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geezer466

Tax Question If I May On Savings.

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And a standard rate taxpayer......

We have a sizeable wedge in an e savings account which attracts around £50 a Month (terrible really given what it was getting).

When we signed up for the account I stated we were standard rate taxpayers (me and her indoors) and authorized the bank to tax the interest before paying it over which they do.

The account is a partnership account and there are two holders

Do we have to declare the interest as income on our tax returns? Clearly tax has already been paid on the capital.

Perhaps I should add the funds come directly from my business income, as they accumulate I transfer them from the joint business account to the joint e saver, so clearly the sums as earned (business) income would be declared. Everything is of course above board and is recorded on the bank statements.

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Yes, you are supposed to declare that savings income on your tax return. HMRC should know that you have already paid tax on it at the lower rate and will not further tax it if you do not pay any tax at the 40% rate.

Just like if you have a capital gain below the tax free limit you are still supposed to declare it even though you will not be taxed on it.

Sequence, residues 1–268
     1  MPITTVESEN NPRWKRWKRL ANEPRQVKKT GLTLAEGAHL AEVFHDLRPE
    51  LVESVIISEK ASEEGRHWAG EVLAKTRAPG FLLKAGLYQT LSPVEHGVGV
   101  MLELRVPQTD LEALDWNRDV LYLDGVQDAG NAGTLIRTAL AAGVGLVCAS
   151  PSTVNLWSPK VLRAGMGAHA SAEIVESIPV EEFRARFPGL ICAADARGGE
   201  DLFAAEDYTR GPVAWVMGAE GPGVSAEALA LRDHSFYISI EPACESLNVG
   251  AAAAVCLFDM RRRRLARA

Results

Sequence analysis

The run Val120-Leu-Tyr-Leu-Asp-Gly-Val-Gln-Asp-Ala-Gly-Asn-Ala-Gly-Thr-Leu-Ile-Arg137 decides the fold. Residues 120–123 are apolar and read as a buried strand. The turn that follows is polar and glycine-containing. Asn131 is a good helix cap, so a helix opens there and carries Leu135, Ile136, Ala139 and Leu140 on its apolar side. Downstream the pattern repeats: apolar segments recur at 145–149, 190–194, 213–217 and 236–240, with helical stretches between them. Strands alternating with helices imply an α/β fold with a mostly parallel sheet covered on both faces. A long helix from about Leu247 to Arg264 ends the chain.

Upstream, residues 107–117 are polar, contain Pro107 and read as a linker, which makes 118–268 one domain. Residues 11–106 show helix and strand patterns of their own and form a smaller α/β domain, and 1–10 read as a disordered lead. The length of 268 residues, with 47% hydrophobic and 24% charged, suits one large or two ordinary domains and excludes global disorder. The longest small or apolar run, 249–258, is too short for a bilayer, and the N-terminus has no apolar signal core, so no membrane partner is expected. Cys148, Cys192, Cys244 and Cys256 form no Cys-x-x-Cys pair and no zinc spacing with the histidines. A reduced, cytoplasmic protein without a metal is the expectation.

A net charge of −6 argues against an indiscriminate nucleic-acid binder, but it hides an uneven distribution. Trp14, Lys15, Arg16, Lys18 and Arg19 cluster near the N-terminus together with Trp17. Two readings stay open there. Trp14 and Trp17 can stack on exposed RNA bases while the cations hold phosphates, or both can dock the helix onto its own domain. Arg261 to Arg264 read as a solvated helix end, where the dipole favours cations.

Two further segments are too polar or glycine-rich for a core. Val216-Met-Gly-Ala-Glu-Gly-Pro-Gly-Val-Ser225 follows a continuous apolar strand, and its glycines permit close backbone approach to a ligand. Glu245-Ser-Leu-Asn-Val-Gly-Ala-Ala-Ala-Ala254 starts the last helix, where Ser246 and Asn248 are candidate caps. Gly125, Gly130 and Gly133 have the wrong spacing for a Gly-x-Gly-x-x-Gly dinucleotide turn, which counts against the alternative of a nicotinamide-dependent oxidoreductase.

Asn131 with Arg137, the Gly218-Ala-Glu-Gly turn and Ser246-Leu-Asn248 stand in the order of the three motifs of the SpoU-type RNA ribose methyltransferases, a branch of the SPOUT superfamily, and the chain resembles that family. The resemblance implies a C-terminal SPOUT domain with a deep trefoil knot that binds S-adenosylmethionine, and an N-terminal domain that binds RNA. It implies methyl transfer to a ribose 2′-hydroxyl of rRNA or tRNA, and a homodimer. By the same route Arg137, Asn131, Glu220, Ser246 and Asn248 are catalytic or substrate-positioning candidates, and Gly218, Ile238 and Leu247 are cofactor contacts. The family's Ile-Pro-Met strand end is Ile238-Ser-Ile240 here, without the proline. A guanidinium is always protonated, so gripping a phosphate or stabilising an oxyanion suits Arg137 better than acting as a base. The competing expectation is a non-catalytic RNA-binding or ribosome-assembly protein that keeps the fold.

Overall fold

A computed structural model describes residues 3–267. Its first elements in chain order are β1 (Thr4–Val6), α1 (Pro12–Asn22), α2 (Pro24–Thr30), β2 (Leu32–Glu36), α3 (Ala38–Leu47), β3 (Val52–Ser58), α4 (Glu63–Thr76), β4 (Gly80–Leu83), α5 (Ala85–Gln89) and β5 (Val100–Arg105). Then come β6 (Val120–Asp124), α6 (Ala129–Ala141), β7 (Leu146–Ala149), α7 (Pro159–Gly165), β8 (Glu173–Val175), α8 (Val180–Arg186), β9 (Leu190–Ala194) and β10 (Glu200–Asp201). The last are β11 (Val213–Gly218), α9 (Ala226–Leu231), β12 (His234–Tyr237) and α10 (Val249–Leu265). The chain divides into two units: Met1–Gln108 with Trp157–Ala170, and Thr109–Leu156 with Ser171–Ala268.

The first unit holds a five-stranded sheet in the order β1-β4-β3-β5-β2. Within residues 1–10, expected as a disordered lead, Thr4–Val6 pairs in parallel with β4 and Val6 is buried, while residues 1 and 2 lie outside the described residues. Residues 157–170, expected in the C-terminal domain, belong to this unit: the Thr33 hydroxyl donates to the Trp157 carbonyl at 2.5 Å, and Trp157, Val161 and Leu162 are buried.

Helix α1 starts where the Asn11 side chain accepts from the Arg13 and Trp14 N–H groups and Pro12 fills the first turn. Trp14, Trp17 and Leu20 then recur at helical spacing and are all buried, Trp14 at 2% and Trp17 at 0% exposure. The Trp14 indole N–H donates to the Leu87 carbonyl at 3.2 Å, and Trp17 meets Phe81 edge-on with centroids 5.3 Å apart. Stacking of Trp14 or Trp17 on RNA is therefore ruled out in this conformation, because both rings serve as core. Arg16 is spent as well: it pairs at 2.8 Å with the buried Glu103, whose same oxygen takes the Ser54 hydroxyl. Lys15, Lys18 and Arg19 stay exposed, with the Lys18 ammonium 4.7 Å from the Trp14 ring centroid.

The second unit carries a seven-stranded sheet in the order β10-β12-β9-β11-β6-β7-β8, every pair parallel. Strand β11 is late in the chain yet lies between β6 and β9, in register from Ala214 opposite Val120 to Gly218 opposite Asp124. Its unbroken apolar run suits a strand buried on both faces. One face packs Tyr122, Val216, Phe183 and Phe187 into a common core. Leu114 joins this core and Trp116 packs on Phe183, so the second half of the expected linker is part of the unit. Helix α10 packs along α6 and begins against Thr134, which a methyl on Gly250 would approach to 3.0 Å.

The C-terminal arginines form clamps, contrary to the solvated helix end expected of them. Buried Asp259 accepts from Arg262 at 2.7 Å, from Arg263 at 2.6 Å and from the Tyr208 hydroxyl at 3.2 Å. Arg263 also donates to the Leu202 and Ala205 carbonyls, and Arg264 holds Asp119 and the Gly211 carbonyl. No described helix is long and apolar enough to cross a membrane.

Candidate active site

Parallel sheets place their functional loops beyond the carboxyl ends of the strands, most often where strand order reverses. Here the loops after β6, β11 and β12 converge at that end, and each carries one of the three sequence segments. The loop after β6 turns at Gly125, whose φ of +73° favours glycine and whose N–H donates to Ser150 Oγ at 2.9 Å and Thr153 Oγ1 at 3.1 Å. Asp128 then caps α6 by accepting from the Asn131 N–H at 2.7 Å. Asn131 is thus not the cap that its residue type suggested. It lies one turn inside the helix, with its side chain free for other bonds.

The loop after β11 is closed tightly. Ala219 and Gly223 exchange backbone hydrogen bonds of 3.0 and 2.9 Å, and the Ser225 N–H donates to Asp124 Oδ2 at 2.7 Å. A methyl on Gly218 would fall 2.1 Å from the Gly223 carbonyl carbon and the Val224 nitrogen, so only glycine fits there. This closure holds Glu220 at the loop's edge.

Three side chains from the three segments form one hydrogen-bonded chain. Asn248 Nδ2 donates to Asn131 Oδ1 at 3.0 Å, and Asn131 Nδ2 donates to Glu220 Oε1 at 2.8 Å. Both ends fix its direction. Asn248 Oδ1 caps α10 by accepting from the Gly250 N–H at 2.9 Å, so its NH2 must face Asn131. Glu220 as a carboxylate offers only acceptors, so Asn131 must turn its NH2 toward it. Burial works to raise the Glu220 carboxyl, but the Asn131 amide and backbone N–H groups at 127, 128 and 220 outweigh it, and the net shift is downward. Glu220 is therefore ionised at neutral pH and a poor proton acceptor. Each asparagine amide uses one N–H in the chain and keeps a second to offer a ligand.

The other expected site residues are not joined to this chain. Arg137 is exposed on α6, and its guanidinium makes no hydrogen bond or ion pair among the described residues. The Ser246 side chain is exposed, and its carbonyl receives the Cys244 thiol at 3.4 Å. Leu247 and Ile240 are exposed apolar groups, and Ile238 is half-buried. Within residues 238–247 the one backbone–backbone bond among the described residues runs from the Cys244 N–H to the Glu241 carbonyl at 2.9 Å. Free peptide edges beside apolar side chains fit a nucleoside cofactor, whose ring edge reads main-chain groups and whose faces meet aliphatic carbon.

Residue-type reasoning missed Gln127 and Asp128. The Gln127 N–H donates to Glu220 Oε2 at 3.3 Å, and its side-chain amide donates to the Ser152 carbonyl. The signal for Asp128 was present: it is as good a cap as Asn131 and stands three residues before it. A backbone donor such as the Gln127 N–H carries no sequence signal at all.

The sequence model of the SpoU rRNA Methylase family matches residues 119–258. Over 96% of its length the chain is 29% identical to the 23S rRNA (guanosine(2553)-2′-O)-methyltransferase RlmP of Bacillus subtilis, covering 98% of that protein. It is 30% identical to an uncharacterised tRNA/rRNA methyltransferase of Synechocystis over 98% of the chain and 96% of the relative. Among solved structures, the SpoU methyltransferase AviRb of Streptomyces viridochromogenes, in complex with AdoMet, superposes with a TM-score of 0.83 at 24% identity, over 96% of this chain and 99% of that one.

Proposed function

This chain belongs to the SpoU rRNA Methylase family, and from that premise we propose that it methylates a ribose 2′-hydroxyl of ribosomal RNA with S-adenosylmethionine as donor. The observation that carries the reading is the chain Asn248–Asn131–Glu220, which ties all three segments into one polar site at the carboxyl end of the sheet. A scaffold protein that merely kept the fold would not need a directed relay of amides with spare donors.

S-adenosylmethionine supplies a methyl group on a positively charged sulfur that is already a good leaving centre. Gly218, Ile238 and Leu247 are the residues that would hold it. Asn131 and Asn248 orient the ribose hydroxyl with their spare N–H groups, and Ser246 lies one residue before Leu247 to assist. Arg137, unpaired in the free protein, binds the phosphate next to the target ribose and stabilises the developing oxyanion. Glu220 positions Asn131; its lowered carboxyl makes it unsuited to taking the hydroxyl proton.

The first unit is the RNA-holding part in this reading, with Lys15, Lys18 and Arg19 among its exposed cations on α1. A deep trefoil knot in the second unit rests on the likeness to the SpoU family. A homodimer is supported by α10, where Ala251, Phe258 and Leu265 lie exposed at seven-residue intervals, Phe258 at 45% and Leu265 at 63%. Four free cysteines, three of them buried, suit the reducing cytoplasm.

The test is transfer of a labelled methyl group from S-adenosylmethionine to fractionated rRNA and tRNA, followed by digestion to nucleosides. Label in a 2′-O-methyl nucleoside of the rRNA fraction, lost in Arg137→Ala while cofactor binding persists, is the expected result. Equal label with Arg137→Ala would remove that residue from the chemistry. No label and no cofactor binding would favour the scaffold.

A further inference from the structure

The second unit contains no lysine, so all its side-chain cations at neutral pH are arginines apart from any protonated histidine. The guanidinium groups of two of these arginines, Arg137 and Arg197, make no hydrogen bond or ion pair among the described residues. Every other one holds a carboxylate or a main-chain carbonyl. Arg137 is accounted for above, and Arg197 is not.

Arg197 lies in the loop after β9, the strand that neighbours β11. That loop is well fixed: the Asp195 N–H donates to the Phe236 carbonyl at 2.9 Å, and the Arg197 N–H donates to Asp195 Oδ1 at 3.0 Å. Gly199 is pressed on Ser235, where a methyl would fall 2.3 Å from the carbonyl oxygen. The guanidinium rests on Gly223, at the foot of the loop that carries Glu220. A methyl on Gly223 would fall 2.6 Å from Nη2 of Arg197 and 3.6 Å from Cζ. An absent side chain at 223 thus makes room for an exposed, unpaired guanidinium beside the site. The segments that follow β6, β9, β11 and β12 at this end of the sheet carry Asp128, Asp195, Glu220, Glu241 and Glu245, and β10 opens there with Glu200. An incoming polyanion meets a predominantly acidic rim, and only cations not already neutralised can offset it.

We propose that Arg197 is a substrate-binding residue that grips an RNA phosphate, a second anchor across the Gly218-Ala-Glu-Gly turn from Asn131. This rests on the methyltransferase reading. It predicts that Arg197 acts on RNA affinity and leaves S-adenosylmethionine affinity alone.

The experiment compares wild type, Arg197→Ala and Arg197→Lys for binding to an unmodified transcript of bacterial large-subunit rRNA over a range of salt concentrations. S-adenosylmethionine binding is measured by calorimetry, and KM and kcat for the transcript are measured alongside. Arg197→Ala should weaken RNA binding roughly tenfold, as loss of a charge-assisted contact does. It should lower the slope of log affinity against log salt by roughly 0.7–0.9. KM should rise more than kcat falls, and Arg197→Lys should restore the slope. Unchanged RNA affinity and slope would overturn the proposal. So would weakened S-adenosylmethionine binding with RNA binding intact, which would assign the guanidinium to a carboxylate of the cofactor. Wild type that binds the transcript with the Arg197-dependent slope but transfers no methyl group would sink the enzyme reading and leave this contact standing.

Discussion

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And a standard rate taxpayer......

We have a sizeable wedge in an e savings account which attracts around £50 a Month (terrible really given what it was getting).

When we signed up for the account I stated we were standard rate taxpayers (me and her indoors) and authorized the bank to tax the interest before paying it over which they do.

The account is a partnership account and there are two holders

Do we have to declare the interest as income on our tax returns? Clearly tax has already been paid on the capital.

Perhaps I should add the funds come directly from my business income, as they accumulate I transfer them from the joint business account to the joint e saver, so clearly the sums as earned (business) income would be declared. Everything is of course above board and is recorded on the bank statements.

There is a separate section on the self-assessment tax return for interest that has been taxed (i.e. at 20%). You enter the net amount after tax.

There's another section for any that hasn't been taxed at source.

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  • 261 Brexit, House prices and Summer 2020

    1. 1. Including the effects Brexit, where do you think average UK house prices will be relative to now in June 2020?


      • down 5% +
      • down 2.5%
      • Even
      • up 2.5%
      • up 5%



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